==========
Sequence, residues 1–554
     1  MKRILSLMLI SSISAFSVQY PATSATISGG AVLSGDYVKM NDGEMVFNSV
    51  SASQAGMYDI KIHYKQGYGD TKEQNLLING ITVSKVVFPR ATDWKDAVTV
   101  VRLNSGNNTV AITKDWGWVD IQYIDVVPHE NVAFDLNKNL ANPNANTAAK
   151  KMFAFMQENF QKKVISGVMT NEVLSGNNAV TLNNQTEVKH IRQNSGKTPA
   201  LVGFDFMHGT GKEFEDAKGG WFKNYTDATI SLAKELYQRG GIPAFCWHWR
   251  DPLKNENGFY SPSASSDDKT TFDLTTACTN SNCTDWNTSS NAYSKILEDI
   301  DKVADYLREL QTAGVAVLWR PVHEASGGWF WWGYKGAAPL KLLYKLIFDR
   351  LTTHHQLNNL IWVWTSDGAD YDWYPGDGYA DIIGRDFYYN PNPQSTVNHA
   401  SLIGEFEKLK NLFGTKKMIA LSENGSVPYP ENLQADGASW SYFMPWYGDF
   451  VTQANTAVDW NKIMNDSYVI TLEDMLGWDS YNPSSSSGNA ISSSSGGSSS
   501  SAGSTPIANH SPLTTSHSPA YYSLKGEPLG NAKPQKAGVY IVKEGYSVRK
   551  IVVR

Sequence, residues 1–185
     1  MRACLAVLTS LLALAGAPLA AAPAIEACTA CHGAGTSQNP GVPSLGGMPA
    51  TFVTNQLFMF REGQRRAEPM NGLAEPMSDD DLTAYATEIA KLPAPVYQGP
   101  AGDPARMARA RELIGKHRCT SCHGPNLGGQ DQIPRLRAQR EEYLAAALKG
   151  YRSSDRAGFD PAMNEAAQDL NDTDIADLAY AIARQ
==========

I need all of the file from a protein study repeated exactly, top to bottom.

Sequence, residues 1–554
     1  MKRILSLMLI SSISAFSVQY PATSATISGG AVLSGDYVKM NDGEMVFNSV
    51  SASQAGMYDI KIHYKQGYGD TKEQNLLING ITVSKVVFPR ATDWKDAVTV
   101  VRLNSGNNTV AITKDWGWVD IQYIDVVPHE NVAFDLNKNL ANPNANTAAK
   151  KMFAFMQENF QKKVISGVMT NEVLSGNNAV TLNNQTEVKH IRQNSGKTPA
   201  LVGFDFMHGT GKEFEDAKGG WFKNYTDATI SLAKELYQRG GIPAFCWHWR
   251  DPLKNENGFY SPSASSDDKT TFDLTTACTN SNCTDWNTSS NAYSKILEDI
   301  DKVADYLREL QTAGVAVLWR PVHEASGGWF WWGYKGAAPL KLLYKLIFDR
   351  LTTHHQLNNL IWVWTSDGAD YDWYPGDGYA DIIGRDFYYN PNPQSTVNHA
   401  SLIGEFEKLK NLFGTKKMIA LSENGSVPYP ENLQADGASW SYFMPWYGDF
   451  VTQANTAVDW NKIMNDSYVI TLEDMLGWDS YNPSSSSGNA ISSSSGGSSS
   501  SAGSTPIANH SPLTTSHSPA YYSLKGEPLG NAKPQKAGVY IVKEGYSVRK
   551  IVVR

Sequence, residues 1–185
     1  MRACLAVLTS LLALAGAPLA AAPAIEACTA CHGAGTSQNP GVPSLGGMPA
    51  TFVTNQLFMF REGQRRAEPM NGLAEPMSDD DLTAYATEIA KLPAPVYQGP
   101  AGDPARMARA RELIGKHRCT SCHGPNLGGQ DQIPRLRAQR EEYLAAALKG
   151  YRSSDRAGFD PAMNEAAQDL NDTDIADLAY AIARQ